Date of Award

January 2022

Document Type

Open Access Thesis

Degree Name

Master of Public Health (MPH)


School of Public Health

First Advisor

Byron Kennedy


Individuals who are exposed to the carceral system—specifically, solitary confinement are uniquely vulnerable to psychological and physical health conditions. However, the relationship between solitary confinement and physical health conditions are relatively underexamined, compared to mental health disorders. This analysis examines the potential for a risks’ association between solitary confinement and cardiovascular disease risk factors. Additionally, this study examines the relationship between spirituality as a self-efficacious coping measure for health-related outcomes. A cross-sectional analysis of 302 survey participants with a prior history of incarceration in a housing study (New Haven, CT) with a prior history of incarceration from Fall 2017 – March 2018 was used to explore the relationship between solitary confinement and several health outcomes (cardiovascular disease risk factors, anxiety disorders symptoms, and impaired daily activity) to decipher the association between solitary confinement and self-reported health outcomes. 175 participants in total reported solitary confinement history; further, 60% of participants who reported a cardiovascular disease risk factor reported a history of solitary confinement—but, the association was statistically insignificant. However, among individuals with a history of general incarceration: the risks for self-reported ‘impaired daily activity’ increased with older age. Additionally, self-reported physical chronic conditions increased the relative risk of self-reported ‘impaired daily activity’. Also, self-reported anxiety disorder symptoms increased the risks of self-reported impaired daily activity. Participants of a younger age; as well as, individuals who reported physical chronic conditions maintained increased risks of self-reported anxiety disorder symptoms. Notably, Black participants demonstrated a decreased risk of anxiety disorder symptoms within the sample population. Additionally, higher spirituality scores increased the risk of self-reported anxiety disorder symptoms. Moreover, higher spirituality scores were systematically located in the ‘impaired daily activity’ group, compared to participants who reported no such limitations. This analysis provides further evidence that carceral system exposure (particularly among low-income individuals) is associated with a notable prevalence of mental and physical chronic conditions—while exploring the potential for self-efficacious coping mechanisms (such as faith-based systems) to be further evaluated in research studies.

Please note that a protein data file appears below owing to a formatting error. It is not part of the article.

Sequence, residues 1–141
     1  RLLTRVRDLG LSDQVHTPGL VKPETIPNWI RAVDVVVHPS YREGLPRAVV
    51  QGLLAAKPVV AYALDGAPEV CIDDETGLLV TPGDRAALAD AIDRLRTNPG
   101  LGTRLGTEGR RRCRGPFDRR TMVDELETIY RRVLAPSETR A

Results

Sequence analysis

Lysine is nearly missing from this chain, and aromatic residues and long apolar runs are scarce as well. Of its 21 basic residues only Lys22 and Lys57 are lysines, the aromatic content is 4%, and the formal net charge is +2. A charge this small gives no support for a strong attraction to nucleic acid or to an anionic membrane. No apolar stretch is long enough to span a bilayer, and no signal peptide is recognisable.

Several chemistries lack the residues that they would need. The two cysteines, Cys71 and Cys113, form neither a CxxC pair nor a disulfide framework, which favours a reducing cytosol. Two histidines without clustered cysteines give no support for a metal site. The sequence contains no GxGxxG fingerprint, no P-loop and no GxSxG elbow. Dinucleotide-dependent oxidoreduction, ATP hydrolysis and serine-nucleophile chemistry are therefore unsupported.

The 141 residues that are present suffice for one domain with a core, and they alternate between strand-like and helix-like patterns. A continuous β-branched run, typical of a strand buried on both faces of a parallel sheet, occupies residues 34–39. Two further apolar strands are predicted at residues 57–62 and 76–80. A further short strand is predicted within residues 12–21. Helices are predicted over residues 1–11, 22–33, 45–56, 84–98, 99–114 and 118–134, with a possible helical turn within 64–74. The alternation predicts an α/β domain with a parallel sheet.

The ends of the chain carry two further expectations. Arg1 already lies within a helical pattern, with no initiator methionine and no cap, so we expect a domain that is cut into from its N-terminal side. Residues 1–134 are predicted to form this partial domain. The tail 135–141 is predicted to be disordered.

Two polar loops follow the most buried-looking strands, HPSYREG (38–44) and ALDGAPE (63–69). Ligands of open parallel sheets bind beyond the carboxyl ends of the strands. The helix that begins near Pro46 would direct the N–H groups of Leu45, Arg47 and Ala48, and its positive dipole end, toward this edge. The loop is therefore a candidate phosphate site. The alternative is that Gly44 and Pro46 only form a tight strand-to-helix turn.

This is an Open Access Thesis.

Open Access

This Article is Open Access